Your terminology is confusing here. I think by "primary server" you mean "full
resolver" and by "uplink" you mean "servers for uplevel domains". If so, then
yes, this is more or less how it works, but it works its way down from the
lowest uplevel entry that the resolver has cached.
You see, for my company SMTP server, I have:
188.8.131.52 is where I have my ns.santronics.com primary DNS server,
OK, but that has nothing to do with whether or not you're using that machine as
your full resolver. For example, the primary server for mrochek.com is
mauve.mrochek.com, but DNS queries on that machine are actually forwarded to a
completely different system for resolution. I believe it's considered good
practice not to have your DNS primaries or secondaries performing general DNS
and I have as forwarders the UUNET servers:
I had the impression this provided the uplink queries when the primary did
not have the information.
Maybe. It would depend on how you have things configured. Forwarders are
basiclaly used to offload DNS processing from one machine to another.
I just happen to see this SERVFAIL fail when I was testing this customer's
db.usinterlink.com MX record against 184.108.40.206 via Window's
I was assisting him remotely from home and didn't see this SERVFAIL against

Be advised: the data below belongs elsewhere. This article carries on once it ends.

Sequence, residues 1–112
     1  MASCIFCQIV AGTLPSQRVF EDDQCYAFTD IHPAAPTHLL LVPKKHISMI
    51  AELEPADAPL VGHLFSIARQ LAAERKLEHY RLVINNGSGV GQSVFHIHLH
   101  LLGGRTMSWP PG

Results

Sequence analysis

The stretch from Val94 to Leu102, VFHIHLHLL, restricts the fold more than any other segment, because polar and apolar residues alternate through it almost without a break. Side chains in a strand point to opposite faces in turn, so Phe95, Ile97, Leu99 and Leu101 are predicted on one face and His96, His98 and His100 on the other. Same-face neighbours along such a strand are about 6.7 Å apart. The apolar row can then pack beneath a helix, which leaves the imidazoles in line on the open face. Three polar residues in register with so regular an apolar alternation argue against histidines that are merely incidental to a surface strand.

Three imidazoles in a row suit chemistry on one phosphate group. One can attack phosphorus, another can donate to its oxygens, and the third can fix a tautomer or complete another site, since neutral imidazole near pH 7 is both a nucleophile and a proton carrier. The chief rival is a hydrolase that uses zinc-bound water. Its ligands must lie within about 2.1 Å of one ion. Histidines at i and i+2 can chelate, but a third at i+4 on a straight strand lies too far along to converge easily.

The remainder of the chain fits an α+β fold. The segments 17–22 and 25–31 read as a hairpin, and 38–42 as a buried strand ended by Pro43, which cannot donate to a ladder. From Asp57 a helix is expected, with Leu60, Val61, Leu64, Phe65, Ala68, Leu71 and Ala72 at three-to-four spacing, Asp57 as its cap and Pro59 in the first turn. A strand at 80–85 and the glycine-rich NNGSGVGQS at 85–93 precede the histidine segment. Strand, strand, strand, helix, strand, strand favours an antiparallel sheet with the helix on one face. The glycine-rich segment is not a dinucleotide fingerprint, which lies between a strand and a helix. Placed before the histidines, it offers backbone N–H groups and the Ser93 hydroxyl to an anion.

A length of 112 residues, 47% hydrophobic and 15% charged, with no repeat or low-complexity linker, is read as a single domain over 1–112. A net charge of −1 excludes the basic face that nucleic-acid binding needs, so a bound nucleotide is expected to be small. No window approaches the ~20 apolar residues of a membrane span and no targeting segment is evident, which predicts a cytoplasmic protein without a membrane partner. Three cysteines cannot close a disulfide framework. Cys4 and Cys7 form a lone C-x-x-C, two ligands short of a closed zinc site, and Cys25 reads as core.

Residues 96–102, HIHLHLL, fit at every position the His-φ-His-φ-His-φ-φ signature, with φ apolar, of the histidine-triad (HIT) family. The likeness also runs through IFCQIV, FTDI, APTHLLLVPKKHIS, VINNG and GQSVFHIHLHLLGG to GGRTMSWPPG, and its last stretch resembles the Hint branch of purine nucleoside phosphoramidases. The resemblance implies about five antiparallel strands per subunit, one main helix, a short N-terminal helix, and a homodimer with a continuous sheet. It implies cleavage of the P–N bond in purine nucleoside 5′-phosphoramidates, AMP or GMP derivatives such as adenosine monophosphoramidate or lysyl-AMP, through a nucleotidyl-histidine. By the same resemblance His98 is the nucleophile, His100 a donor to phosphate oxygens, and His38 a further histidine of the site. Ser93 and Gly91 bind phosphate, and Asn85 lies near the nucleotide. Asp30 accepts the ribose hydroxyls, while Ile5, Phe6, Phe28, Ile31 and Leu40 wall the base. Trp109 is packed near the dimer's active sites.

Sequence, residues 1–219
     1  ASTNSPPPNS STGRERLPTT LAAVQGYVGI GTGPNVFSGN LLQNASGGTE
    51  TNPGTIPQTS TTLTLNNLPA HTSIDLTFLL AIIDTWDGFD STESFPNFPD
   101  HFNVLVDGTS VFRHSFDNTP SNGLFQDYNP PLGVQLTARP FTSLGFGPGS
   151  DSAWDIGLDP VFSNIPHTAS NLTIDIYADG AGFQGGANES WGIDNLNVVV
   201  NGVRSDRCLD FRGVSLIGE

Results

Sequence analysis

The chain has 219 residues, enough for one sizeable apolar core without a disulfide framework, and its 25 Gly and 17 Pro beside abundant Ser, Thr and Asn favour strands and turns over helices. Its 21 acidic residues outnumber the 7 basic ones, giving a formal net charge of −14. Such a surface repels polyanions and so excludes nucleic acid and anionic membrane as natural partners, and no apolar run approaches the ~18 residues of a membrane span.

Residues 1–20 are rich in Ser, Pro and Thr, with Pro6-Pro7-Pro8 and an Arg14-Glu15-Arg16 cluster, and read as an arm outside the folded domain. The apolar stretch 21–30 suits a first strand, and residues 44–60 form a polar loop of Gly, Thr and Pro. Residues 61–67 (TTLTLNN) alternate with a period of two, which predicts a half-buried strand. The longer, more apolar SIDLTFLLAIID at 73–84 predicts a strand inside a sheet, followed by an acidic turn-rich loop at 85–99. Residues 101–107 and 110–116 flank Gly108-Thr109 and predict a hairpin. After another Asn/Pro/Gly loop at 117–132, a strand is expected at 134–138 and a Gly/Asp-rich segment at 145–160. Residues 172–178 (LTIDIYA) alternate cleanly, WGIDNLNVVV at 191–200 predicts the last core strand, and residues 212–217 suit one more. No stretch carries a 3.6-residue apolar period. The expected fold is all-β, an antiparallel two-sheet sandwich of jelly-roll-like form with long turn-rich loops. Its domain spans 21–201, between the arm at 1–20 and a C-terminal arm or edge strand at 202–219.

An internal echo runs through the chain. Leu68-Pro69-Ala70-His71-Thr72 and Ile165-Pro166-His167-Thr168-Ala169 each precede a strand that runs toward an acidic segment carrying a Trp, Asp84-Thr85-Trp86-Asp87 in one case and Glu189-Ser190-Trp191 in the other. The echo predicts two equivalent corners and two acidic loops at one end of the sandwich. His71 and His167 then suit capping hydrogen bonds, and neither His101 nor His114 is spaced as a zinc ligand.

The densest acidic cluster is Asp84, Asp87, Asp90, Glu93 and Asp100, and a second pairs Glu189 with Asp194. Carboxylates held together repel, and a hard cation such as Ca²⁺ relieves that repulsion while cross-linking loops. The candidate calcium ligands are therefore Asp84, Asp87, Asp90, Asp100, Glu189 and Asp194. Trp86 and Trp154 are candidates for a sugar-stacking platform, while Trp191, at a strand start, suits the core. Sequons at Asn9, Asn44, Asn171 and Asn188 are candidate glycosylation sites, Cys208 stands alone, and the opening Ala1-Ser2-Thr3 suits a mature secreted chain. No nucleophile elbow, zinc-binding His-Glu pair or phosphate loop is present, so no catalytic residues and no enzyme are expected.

the bellsouth.net server:
NSLOOKUP -query=mx -debug db.usinterlink.com ns.santronics.com
NSLOOKUP -query=mx -debug db.usinterlink.com dns.msy.bellsouth.net
First one returns SERVFAIL, second one NOERROR.
You might consider clearing the cache on your home server and see if that
I was able to send him a test message because the SMTP server was finally
able to get to the second unnet server, and thus fallback to a successful A
But the situation got me wondering what was wrong or different between the
two, and also what if I or other customers didn't have a second DNS server
setup for SMTP, if its something to worry about.
4) Ignore SERVFAIL?
Some just said that the SMTP client should be looking at SERVFAIL as a
Bad idea IMO. Configuration glitches happen, and when they do you
don't want to bounce mail to the domain unnecessarily. Most of the
time these problems get fixed and the mail goes on through with
only a small delay.
I agree. I was wondering, and now realize that its probably wrong to jump
the gun with this, if it would make sense to do a A record lookup for a
I've actually seen cases where MX record queries got a SERVFAIL but an A record
query got a successful result. (I've always believed this is due to the server
being down or misconfigured and having one record type cached but not the
other, but I've never been able to track down the specific cause.) This stuff
gets very complex because DNS servers do tricky stuff like piggyback A record
information on MX queries, making problems hard to isolate.
But this doesn't mean that you should do this: Nothing prevents someone from
having an MX for foo.example.com pointing to a completely separate
mail.example.org while having a SMTP server running on foo.example.com that
silently eats everything sent to it. And yes, such a setup would be stupid and
dangerous, but people do stupid and dangerous things all the time.